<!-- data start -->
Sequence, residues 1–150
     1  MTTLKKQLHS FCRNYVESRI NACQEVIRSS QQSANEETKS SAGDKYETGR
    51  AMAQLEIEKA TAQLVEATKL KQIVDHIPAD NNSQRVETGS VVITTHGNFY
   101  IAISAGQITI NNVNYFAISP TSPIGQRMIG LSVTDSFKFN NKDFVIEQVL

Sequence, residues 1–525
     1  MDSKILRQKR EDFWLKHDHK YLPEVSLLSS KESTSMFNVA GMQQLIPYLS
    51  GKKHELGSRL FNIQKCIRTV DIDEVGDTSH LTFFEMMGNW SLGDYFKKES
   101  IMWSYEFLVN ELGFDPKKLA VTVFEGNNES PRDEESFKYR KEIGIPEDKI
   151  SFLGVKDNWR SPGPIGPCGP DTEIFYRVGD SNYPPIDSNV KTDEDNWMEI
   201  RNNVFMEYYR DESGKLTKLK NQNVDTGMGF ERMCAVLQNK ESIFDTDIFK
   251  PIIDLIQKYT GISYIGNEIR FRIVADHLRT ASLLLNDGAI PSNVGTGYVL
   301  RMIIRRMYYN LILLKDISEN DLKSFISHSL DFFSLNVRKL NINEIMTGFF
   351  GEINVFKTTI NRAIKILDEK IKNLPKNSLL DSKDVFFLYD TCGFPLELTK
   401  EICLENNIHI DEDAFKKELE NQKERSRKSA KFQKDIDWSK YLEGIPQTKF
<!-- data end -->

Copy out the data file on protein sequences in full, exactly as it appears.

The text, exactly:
Sequence, residues 1–150
     1  MTTLKKQLHS FCRNYVESRI NACQEVIRSS QQSANEETKS SAGDKYETGR
    51  AMAQLEIEKA TAQLVEATKL KQIVDHIPAD NNSQRVETGS VVITTHGNFY
   101  IAISAGQITI NNVNYFAISP TSPIGQRMIG LSVTDSFKFN NKDFVIEQVL

Sequence, residues 1–525
     1  MDSKILRQKR EDFWLKHDHK YLPEVSLLSS KESTSMFNVA GMQQLIPYLS
    51  GKKHELGSRL FNIQKCIRTV DIDEVGDTSH LTFFEMMGNW SLGDYFKKES
   101  IMWSYEFLVN ELGFDPKKLA VTVFEGNNES PRDEESFKYR KEIGIPEDKI
   151  SFLGVKDNWR SPGPIGPCGP DTEIFYRVGD SNYPPIDSNV KTDEDNWMEI
   201  RNNVFMEYYR DESGKLTKLK NQNVDTGMGF ERMCAVLQNK ESIFDTDIFK
   251  PIIDLIQKYT GISYIGNEIR FRIVADHLRT ASLLLNDGAI PSNVGTGYVL
   301  RMIIRRMYYN LILLKDISEN DLKSFISHSL DFFSLNVRKL NINEIMTGFF
   351  GEINVFKTTI NRAIKILDEK IKNLPKNSLL DSKDVFFLYD TCGFPLELTK
   401  EICLENNIHI DEDAFKKELE NQKERSRKSA KFQKDIDWSK YLEGIPQTKF